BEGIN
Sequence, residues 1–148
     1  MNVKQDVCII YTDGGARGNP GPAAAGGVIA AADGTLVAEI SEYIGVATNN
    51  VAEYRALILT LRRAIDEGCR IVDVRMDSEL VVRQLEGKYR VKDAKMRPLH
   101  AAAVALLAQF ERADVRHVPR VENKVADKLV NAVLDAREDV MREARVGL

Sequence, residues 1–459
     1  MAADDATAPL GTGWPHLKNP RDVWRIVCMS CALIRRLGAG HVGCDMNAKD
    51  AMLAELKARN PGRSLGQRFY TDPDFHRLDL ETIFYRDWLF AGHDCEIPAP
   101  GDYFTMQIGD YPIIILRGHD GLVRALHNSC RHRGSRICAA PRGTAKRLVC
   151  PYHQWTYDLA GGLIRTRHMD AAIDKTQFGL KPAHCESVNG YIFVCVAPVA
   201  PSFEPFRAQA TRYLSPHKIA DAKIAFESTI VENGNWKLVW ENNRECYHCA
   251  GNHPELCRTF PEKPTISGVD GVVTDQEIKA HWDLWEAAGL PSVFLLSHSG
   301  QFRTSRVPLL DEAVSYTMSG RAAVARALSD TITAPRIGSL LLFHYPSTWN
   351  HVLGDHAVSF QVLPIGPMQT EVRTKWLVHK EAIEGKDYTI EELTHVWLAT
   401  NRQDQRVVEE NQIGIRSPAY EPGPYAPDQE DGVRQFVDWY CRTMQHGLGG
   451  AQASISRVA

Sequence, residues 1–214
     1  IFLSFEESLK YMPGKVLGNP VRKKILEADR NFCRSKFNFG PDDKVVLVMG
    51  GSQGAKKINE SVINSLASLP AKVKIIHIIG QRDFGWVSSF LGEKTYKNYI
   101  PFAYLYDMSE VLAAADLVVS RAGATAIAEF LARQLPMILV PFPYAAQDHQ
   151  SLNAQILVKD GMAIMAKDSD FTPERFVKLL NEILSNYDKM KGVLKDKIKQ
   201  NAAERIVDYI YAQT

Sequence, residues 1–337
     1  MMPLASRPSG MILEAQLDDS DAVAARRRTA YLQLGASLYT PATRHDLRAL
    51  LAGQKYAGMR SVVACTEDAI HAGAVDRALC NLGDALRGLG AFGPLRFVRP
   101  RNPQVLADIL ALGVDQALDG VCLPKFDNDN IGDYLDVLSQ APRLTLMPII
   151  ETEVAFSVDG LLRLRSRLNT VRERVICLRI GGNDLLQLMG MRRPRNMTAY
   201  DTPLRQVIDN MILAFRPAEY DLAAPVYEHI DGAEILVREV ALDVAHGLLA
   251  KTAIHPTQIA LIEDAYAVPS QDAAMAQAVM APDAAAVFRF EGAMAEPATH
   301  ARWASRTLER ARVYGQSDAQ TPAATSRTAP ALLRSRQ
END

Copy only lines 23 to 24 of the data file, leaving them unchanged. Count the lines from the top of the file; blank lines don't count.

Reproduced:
     1  MMPLASRPSG MILEAQLDDS DAVAARRRTA YLQLGASLYT PATRHDLRAL
    51  LAGQKYAGMR SVVACTEDAI HAGAVDRALC NLGDALRGLG AFGPLRFVRP